Anger at pools rates rise
Free pools are making a splash but the feedback is not all positive.
Both the Otara-Papatoetoe and Mangere-Otahuhu local boards have received complaints after introducing a targeted rate to keep pools free. The targeted rate will push up rates bills by $13 for properties in Mangere-Otahuhu and $31 in Otara-Papatoetoe when they arrive in early August.
Auckland Council's chief financial officer Andrew McKenzie says that is an increase of about 0.02 per cent to the average bill.
That allows all swimmers to retain free access to the Moana-Nui-a-Kiwa Leisure Centre, the Norman Kirk Memorial Pools and Papatoetoe Centennial Pools.
Mangere-Otahuhu Local Board chairman Peter Skelton says he has received "quite a lot" of letters and phone calls from ratepayers voicing their displeasure at the increased rates. Most of the complaints came from residents of Mangere Bridge, he says.
"What they're saying is why should they be paying for the pool when they don't use the pool," he says.
"What annoys me is, when we went out and did the consultation why didn't they say something then rather than waiting until now when everything's gone through?"
Otara-Papatoetoe Local Board chairman John McCracken says he has received "maybe a dozen" similar complaints from ratepayers who do not swim at the pools.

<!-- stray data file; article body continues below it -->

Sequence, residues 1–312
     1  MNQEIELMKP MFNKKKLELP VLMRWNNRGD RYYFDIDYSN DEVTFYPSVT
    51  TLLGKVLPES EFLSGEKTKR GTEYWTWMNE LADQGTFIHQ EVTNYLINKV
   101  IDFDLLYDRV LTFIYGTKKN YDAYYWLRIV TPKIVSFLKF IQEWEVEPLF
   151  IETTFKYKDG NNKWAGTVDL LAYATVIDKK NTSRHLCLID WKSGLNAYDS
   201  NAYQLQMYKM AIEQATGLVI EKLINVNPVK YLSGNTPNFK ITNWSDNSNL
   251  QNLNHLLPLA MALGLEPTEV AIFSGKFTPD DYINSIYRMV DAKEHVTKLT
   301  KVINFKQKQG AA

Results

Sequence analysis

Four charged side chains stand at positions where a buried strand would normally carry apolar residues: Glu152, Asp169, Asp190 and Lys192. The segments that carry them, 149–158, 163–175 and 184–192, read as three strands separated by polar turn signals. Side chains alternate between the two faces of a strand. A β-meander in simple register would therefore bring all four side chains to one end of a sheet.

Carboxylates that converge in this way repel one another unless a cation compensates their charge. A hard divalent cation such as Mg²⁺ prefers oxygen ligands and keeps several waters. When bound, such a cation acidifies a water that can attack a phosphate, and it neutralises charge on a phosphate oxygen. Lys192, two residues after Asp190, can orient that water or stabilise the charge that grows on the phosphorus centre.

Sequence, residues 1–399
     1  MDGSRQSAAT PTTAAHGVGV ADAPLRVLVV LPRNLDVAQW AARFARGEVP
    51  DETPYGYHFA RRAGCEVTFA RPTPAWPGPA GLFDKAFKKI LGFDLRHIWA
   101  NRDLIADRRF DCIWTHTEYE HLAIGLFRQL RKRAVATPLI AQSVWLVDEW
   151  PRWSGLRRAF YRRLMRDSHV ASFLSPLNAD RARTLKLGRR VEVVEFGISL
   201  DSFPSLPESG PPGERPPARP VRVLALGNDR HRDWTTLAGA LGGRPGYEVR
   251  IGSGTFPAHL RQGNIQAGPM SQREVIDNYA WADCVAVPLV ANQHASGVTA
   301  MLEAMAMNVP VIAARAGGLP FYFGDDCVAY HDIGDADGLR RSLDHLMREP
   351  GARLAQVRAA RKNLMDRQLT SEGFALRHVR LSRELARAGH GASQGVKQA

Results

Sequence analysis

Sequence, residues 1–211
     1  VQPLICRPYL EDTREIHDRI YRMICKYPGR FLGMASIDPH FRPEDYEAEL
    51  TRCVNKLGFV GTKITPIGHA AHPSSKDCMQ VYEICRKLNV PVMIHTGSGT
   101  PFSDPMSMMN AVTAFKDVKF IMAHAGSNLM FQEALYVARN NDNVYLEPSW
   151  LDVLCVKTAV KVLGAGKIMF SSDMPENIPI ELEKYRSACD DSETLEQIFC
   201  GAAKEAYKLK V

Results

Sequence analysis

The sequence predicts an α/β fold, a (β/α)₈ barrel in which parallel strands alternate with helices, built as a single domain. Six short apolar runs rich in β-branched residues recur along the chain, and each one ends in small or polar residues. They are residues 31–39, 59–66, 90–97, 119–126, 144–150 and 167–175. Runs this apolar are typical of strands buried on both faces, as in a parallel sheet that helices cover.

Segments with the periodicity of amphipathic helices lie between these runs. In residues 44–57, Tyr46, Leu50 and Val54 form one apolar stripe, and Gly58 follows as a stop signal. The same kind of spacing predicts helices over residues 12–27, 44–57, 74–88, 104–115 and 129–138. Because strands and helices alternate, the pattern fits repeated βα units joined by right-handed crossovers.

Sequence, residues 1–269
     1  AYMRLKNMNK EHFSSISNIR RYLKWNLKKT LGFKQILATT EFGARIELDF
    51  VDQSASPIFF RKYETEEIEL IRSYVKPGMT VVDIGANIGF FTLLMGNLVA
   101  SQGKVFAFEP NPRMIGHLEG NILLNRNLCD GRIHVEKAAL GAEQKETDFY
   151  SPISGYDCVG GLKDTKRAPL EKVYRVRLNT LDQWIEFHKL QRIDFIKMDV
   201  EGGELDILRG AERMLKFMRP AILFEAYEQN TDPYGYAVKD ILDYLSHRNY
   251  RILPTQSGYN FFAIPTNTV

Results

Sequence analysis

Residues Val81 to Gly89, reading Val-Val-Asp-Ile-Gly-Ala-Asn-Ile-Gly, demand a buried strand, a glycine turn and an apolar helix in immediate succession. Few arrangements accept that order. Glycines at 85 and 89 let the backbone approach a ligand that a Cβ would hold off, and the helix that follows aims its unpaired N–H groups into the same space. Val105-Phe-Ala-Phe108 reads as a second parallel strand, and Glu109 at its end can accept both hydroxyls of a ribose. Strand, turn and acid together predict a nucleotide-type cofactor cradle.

He too is disappointed that those people did not come forward during the consultation period for the targeted rate.
"I'm very mindful that it's going to affect some people who don't use the pools but at the end of the day the decision was made based on the feedback we had," he says.
"I don't use the pool either but I know a hell of a lot of our community do. We know that it would affect a large number of the families who simply can't afford to use them [if they have to pay]."
Mr McCracken says the pools might have lost revenue if entry fees were introduced, which could have eventually led to their closure.
A great deal of effort was made to make sure ratepayers knew about the proposal but the low numbers of submissions were cause for concern, he says.
"With the consultation process, I really do question whether the systems are in place or whether they're robust enough. It is always unfortunate that not everyone was aware of it."